House passes bailout
After a week of wrangling, lawmakers give final approval to historic $700 billion bailout.NEW YORK (CNNMoney.com) -- The House on Friday passed a far-reaching and historic plan to bail out the nation's financial system.
The vote for passage of the Senate-amended bill - 263 to 171 - was the result of strong lobbying on the part of the White House and other supporters of the bill all week, following the House defeat of a similar measure on Monday - a defeat that shocked the markets and congressional leaders on both sides of the aisle.
According to preliminary numbers, 172 Democrats voted in favor of the bill while 62 opposed it; and 91 Republicans voted for it and 108 voted against it.
Republicans who said they would switch their votes from "no" to "yes" included Rep. Howard Cobble, R-N.C., and Rep. Sue Myrick, R-N.C. In a statement, Myrick said, "We're on the cusp of a complete catastrophic credit meltdown. There is no liquidity in the market. We are out of time. Either you believe that fact, or you don't. I do."
Democrats who said they would switch their votes include Rep. John Lewis, D-Ga., Rep. Elijah Cummings, D-Md., and Rep. Donna Edwards, D-Md.
Cummings noted this was the most difficult vote for him in his 12 years in Congress. "But today we must step up and lead," he said.
Earlier this week, Cummings and Edwards were part of a group that had been working on an alternate proposal. The lawmakers had lobbied strongly but unsuccessfully to include, among other things, a change to the bankruptcy law that would let judges modify mortgages on primary residences, a move the lending industry has strongly opposed.
Cummings and Edwards said they had received calls from Democratic presidential nominee Barack Obama, encouraging them to change their minds. They said they received assurances that he was committed to the bankruptcy provision.
House Minority Whip Roy Blunt, R-Mo., told reporters before the vote on Friday morning that three things have happened to change some Republican members' opposition to the bill since the House defeated the measure on Monday: more calls to their district offices in support of the bill; a clarification of SEC accounting rules regarding mark-to-market accounting; and the additions the Senate made to the bill, which it passed on Wednesday, including a number of tax break extenders and an increase in FDIC deposit insurance coverage. (What's in the bill.)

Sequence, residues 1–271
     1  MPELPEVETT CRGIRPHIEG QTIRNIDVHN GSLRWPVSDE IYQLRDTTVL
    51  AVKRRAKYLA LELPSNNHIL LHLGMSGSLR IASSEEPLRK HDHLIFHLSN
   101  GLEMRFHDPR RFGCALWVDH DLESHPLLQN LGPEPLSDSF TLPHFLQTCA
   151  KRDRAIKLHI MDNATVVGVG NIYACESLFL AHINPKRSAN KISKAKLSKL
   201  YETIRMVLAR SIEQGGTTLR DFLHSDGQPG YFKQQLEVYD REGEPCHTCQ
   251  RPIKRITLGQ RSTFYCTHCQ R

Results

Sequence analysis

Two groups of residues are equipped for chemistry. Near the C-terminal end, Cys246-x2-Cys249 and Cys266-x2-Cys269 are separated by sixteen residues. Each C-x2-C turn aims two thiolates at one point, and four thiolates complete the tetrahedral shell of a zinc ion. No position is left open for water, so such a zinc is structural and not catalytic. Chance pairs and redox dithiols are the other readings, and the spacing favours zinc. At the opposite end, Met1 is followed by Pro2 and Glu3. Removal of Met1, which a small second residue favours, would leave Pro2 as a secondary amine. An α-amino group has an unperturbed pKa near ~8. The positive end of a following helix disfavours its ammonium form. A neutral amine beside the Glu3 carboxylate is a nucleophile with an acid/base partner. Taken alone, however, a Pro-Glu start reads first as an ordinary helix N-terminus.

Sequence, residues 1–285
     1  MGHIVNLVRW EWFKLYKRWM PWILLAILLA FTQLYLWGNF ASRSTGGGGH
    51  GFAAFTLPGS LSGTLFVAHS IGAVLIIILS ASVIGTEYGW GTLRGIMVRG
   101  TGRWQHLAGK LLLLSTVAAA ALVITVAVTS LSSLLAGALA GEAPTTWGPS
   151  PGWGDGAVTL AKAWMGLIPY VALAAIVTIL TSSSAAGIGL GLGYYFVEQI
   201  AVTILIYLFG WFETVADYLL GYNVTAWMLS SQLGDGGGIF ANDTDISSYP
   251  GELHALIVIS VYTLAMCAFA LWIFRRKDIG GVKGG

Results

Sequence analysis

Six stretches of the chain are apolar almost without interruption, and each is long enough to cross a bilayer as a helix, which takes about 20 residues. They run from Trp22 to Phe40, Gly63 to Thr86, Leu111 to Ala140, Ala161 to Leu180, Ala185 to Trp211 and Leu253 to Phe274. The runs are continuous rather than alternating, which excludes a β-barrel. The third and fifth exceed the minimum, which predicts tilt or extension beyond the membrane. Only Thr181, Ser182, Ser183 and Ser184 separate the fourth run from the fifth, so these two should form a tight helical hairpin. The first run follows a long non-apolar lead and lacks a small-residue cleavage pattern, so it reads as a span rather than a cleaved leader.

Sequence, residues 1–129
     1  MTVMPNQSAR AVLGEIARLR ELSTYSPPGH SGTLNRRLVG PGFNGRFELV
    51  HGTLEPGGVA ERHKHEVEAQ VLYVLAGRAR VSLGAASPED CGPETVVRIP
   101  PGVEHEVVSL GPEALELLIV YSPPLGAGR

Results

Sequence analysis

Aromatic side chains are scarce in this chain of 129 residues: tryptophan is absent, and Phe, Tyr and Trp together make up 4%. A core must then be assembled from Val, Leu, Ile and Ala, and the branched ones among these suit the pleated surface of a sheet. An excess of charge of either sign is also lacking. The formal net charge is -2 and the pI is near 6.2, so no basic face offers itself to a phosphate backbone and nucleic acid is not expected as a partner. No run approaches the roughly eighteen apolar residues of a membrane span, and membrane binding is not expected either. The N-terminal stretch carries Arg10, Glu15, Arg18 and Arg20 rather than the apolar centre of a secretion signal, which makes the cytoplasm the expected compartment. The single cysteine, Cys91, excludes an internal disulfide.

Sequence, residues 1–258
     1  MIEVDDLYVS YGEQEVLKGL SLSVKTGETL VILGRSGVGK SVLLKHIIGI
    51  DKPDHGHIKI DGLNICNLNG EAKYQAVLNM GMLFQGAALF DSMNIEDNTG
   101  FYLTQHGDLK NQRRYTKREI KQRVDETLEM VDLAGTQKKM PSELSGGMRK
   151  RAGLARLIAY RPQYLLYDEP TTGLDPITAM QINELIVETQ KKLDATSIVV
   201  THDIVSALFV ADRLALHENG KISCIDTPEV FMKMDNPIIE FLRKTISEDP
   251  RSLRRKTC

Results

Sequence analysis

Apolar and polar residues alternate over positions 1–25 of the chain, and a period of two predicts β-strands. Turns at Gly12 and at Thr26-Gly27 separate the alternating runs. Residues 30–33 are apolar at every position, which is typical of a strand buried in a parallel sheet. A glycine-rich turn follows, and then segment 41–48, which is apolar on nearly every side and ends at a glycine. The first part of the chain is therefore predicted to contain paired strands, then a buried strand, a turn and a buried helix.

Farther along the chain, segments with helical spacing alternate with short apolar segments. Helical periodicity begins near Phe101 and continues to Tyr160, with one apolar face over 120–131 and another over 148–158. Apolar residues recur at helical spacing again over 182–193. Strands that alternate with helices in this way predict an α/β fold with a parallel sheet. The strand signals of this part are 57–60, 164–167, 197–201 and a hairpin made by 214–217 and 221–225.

The House debate began on the heels of two market-moving events: a worse-than-expected monthly jobs number; and a surprise merger announcement between Wachovia and Wells Fargo.
The legislation, which would allow the Treasury Secretary to purchase as much as $700 billion in troubled assets in a bid to kick-start lending, would usher in one of the most far-reaching interventions in the economy since the Great Depression.
For the past two weeks, lending between banks and between banks and businesses has gotten considerably more expensive. Small businesses are having trouble getting loans. As of midday Friday, one key measure showed that banks were hoarding cash rather than loaning it. Meanwhile, an indicator showing how willing banks are to lend each other was at an all-time high.
Advocates say the plan is crucial to government efforts to attack a credit crisis that threatens the economy and would free up banks to lend more. Opponents say it rewards bad decisions by Wall Street, puts taxpayers at risk and fails to address the real economic problems facing Americans.
Lawmakers who said on Friday they planned to vote against the bill warned that "being stampeded" into voting the bill through would be a serious mistake.
"Wall Street is so hungry for the $700 billion they can taste it. To get it they need to ... create panic, block alternatives and herd the cattle. We ask Congress not to rush. Defeating this bill today isn't the last step. It's the first step in passing a good bill," said Rep. Brad Sherman, D-Calif.
Rep. Marcy Kaptur, D-Ohio, who has called for the FDIC and SEC to use their powers to ease the credit crisis, said soon before the vote, "Pray for our Republic. She's being placed in ... very greedy hands."
Lawmakers who stood in support of the bill noted that it will help Main Street, not Wall Street. "We [would] rescue the jobs, the savings and the ability to get a loan for each hard-working American," said Rep. Louise Slaughter, D-N.Y.
Rep. Maxine Waters, D-Calif., noted that the bill also supports homeowners at risk of foreclosure by giving the government more say in how loans for troubled borrowers are modified so people can stay in their homes.
"When we buy up this toxic paper, we're in charge. We can do the kind of loan modifications we've been urging [the industry coalition] Hope Now to get done. ... We'll be able to set some standards," Waters said during the floor debate. "For anybody who says there's nothing in this bill for homeowners, they're incorrect."